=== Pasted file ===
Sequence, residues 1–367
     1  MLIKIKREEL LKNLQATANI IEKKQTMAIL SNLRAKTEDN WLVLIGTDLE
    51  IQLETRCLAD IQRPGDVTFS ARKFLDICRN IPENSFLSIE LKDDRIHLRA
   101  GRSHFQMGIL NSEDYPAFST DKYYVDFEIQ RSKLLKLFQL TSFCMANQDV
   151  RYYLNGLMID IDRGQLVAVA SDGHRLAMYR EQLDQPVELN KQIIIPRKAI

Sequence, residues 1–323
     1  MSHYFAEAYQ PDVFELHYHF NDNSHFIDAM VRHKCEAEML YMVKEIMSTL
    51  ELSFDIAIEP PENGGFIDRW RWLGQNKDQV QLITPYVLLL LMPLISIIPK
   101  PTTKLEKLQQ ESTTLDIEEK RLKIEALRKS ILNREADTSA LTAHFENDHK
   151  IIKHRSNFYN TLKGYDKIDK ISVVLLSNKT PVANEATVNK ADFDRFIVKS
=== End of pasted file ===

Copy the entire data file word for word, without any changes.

Sequence, residues 1–367
     1  MLIKIKREEL LKNLQATANI IEKKQTMAIL SNLRAKTEDN WLVLIGTDLE
    51  IQLETRCLAD IQRPGDVTFS ARKFLDICRN IPENSFLSIE LKDDRIHLRA
   101  GRSHFQMGIL NSEDYPAFST DKYYVDFEIQ RSKLLKLFQL TSFCMANQDV
   151  RYYLNGLMID IDRGQLVAVA SDGHRLAMYR EQLDQPVELN KQIIIPRKAI

Sequence, residues 1–323
     1  MSHYFAEAYQ PDVFELHYHF NDNSHFIDAM VRHKCEAEML YMVKEIMSTL
    51  ELSFDIAIEP PENGGFIDRW RWLGQNKDQV QLITPYVLLL LMPLISIIPK
   101  PTTKLEKLQQ ESTTLDIEEK RLKIEALRKS ILNREADTSA LTAHFENDHK
   151  IIKHRSNFYN TLKGYDKIDK ISVVLLSNKT PVANEATVNK ADFDRFIVKS